Via RT Business

The US dollar will struggle to remain the top international currency in the coming decades as the rising power of Asian economies is set to undermine its leading position, Wall Street bank JPMorgan Chase has predicted.

“The US dollar has been the world’s dominant reserve currency for almost a century,” the bank’s strategist Craig Cohen wrote in a report earlier this month.

However, we believe the dollar could lose its status as the world’s dominant currency…due to structural reasons as well as cyclical impediments.

Many other currencies came to their demise throughout history, thanks to shifts in global economic centers, which is now poised to move towards Asia, the strategist points out. While China’s accession to global superpower status is believed to be one of the factors of this shift, it’s not the only one.




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The Asian economic zone as a whole (from the Arabian Peninsula and Turkey in the West to Japan and New Zealand in the East, and from Russia in the North and Australia in the South) accounts for two-thirds of global economic growth and 50 percent of global GDP. The growing purchasing power of the region will boost the number of non-dollar transactions, eroding the greenback’s reserve currency status and setting the grounds for its replacement as the dominant international currency, according to the bank.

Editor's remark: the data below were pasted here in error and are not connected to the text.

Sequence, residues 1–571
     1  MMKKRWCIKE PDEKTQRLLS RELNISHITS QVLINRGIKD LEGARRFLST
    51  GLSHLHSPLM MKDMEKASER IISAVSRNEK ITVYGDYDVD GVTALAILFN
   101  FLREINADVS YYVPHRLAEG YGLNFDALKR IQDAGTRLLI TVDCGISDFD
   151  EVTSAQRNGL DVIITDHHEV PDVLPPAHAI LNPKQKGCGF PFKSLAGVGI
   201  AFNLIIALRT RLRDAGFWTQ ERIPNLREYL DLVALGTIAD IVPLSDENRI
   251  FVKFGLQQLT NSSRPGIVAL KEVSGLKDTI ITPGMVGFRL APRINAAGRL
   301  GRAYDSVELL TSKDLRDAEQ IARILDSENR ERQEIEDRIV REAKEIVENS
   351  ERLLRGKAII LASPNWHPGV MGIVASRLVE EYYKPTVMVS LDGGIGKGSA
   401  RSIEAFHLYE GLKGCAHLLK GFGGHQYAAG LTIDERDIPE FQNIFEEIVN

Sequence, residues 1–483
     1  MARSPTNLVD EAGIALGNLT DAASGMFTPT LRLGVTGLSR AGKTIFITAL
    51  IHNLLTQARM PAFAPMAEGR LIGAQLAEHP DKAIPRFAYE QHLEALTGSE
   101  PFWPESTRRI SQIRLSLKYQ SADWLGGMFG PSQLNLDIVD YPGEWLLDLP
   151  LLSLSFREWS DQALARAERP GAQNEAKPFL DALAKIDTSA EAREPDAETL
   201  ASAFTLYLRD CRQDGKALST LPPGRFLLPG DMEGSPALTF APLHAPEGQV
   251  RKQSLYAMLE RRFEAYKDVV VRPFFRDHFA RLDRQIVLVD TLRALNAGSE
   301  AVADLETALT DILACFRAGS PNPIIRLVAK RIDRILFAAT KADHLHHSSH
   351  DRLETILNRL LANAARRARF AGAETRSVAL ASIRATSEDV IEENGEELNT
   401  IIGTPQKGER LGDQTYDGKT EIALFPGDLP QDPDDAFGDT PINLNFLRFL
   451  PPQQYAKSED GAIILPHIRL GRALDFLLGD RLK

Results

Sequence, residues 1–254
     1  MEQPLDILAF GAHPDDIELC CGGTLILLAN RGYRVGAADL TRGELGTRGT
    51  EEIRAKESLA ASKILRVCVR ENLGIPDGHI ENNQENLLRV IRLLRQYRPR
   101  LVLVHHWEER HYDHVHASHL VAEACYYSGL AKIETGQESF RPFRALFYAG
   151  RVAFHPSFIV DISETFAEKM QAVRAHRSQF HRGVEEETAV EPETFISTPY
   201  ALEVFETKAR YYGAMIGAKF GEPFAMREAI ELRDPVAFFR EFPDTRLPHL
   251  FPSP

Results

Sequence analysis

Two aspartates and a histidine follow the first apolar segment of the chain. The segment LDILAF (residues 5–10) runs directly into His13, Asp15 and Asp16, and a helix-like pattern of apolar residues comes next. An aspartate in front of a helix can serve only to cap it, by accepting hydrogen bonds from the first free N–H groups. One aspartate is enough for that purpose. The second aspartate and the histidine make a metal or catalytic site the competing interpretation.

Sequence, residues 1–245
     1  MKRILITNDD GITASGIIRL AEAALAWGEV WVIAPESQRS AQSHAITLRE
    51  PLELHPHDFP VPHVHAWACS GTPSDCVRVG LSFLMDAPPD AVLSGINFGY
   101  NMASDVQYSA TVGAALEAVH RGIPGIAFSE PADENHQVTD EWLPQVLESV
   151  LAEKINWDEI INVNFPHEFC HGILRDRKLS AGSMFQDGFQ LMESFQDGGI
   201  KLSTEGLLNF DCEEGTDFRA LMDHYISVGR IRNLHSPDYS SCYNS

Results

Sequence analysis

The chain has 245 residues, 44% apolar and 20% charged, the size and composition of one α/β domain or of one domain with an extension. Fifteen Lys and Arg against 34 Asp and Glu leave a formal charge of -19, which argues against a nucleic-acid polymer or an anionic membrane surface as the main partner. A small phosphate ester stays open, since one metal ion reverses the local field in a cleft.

“In other words, in the coming decades we think the world economy will transition from the US and US dollar dominance toward a system where Asia wields greater power,” JP Morgan concludes.

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The only advice here, according to the bank, is to get rid of US dollar ‘overweights’ in investment portfolios and to diversify. While some banks are dumping the dollar in favor of the euro, others prefer a more stable source of value, gold.

As the looming shift is already being felt by some, the demand for the precious yellow metal was at its highest in almost half a century in 2018.  Russia and China are leading the gold rush, having added 16 and seven tons respectively to their central bank holdings in May. Both Moscow and Beijing boosted their bullion reserves by more than 70 tons in the first five months of this year.

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